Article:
The Bobby Dollar Covers

By Anne Perry

Posted on August 20, 2013 in Books with tags Book Covers, Fantasy, Tad Williams

Bobby Dollar, the protagonist of Tad Williams’ urban fantasy series, is an advocate for the recently deceased, and he’s an angel… literally. But he’s no figurative angel. Bobby’s been around the block a few times – he’s seen it all and, frankly, takes it all for granted. (He’s even got his own cocktail.)

But in The Dirty Streets of Heaven, a soul goes missing, amping up the eternal war between Heaven and Hell, long on hold. And this time, Bobby’s right in the middle of it.

For the cover of the first Bobby Dollar novel we wanted to introduce Bobby in his adoptive home, the fictional San Francisco Bay Area city of San Judas. The cover pretty much designed itself – Bobby looking out over the big, bad city, a ray of light from above giving him a much-deserved ethereal glow. It’s a dark, beautiful, evocative cover, equal parts noir and low fantasy.

The Dirty Streets of Heaven, published 2012.

The Dirty Streets of Heaven, published 2012.

But in the sequel, Happy Hour in Hell, Bobby’s going to Hell. Literally. His on-again-off-again love interest, the Countess of Cold Hands, (who happens to be the girlfriend of the Grand Duke of Hell, himself no big fan of Bobby’s), has been dragged down to the infernal depths. So Bobby’s got to get himself down there after her. The book opens with Bobby taking his first steps on the Neronian Bridge, ‘a featureless, flat span of stone that stretched over a chasm so deep that, if we had been on ordinary old Earth, the hole would probably have gone all the way through the planet and out of the other side.’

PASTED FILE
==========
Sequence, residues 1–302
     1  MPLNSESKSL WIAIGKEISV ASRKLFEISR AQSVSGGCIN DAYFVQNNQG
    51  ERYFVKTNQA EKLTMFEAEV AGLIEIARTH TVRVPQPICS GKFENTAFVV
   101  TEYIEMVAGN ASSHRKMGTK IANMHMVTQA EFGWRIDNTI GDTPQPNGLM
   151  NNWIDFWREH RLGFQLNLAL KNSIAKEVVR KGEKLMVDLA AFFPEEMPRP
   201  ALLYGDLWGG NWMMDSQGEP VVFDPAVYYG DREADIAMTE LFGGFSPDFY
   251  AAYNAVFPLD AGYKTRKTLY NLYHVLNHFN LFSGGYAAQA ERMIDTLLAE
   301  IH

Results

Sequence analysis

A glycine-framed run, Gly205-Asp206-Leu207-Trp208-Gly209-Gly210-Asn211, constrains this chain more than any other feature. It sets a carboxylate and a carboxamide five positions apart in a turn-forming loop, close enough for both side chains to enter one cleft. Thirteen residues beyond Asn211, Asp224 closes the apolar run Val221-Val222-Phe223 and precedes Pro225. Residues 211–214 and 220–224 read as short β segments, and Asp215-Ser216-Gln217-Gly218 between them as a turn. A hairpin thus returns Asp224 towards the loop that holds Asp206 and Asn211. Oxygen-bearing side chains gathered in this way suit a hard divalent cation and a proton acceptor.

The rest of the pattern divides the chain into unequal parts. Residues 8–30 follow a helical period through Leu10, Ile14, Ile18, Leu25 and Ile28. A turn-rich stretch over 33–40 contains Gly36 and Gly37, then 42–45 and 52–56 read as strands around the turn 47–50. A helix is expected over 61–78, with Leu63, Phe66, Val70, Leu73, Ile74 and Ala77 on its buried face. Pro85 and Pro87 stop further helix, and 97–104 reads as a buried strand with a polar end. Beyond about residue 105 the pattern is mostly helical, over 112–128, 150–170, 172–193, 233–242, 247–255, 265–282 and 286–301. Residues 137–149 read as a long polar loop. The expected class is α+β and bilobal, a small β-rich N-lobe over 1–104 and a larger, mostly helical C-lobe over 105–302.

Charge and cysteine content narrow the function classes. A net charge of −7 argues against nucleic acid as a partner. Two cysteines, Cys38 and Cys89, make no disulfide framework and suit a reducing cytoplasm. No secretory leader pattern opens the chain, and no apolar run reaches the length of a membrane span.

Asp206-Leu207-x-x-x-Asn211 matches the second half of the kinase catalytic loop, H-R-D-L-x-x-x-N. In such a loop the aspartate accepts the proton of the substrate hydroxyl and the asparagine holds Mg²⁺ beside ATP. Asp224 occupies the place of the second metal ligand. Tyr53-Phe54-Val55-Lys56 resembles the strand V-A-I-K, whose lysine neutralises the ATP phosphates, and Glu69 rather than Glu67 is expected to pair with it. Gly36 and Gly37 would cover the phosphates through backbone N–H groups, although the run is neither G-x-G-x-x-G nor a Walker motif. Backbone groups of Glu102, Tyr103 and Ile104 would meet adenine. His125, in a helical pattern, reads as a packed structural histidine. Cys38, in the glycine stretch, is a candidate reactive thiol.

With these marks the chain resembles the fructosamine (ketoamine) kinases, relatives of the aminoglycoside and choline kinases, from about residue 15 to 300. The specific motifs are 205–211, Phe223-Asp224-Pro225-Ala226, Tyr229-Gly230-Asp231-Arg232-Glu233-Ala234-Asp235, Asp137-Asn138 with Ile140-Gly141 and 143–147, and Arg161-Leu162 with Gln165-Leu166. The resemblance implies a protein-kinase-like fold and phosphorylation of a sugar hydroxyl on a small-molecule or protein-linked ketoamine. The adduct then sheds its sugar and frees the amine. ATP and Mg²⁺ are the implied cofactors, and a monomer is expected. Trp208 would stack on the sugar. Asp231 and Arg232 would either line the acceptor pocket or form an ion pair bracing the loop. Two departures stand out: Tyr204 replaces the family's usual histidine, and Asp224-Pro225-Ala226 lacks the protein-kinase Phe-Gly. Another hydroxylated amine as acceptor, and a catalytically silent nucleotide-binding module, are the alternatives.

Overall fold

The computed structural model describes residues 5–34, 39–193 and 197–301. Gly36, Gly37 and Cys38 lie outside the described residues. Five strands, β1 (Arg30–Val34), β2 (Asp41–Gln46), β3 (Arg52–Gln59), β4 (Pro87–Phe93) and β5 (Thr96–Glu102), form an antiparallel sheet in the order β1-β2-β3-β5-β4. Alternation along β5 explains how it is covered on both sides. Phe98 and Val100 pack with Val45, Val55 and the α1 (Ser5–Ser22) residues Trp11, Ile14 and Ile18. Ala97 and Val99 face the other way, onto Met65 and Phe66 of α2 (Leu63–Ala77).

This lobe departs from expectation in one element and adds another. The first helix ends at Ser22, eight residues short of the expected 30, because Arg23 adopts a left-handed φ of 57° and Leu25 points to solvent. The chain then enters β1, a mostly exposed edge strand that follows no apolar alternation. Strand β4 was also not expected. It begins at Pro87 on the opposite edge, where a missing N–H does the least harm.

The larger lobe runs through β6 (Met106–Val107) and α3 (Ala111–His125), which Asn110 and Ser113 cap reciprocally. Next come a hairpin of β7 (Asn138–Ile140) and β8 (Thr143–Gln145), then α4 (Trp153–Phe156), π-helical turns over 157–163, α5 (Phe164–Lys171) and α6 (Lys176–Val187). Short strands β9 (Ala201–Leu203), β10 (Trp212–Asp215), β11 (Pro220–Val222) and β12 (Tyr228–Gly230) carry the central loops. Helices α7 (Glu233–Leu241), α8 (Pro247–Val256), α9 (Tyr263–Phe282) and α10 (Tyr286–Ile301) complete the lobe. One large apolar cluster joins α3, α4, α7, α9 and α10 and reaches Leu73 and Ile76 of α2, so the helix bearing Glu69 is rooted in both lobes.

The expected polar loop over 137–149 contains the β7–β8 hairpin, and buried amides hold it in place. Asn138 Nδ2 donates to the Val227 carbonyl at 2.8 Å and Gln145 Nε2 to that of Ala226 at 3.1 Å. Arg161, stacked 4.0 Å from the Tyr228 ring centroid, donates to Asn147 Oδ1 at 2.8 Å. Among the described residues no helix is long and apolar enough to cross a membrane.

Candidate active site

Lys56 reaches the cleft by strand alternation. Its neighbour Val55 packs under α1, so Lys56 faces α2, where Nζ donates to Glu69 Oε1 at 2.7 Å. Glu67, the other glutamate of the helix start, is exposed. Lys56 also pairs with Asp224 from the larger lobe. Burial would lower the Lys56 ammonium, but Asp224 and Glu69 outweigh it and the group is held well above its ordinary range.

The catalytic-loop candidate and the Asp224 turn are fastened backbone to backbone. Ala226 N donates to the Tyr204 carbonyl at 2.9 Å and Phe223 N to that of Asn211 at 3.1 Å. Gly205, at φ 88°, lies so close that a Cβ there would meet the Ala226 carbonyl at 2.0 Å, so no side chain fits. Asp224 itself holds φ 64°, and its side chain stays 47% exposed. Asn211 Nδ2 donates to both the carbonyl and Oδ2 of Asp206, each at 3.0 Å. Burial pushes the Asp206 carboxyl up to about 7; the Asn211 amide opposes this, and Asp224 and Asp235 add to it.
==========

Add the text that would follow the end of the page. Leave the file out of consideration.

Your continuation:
Pandaemonium, by John Martin, c. 1825.

Pandaemonium, by John Martin, c. 1825.

But this isn’t a bridge on ordinary old Earth. This is a bridge specially constructed to welcome the Emperor Nero to Hell, 2000 years ago. Bobby is using it today, to sneak in.

Naturally, the Neronian Bridge had to feature on Happy Hour‘s cover.

We asked the artist to take his inspiration from the extraordinary paintings of John Martin, but to add buildings – from all eras – to retain the urban aesthetic that’s so important in both noir and urban fantasy. We think you’ll agree the artist, Rhett Podersoo, did a phenomenal job. (And you might recognize a few of the other covers on his website, too…)

hhih big

Happy Hour in Hell

Happy Hour in Hell

Happy Hour in Hell publishes September 26th.

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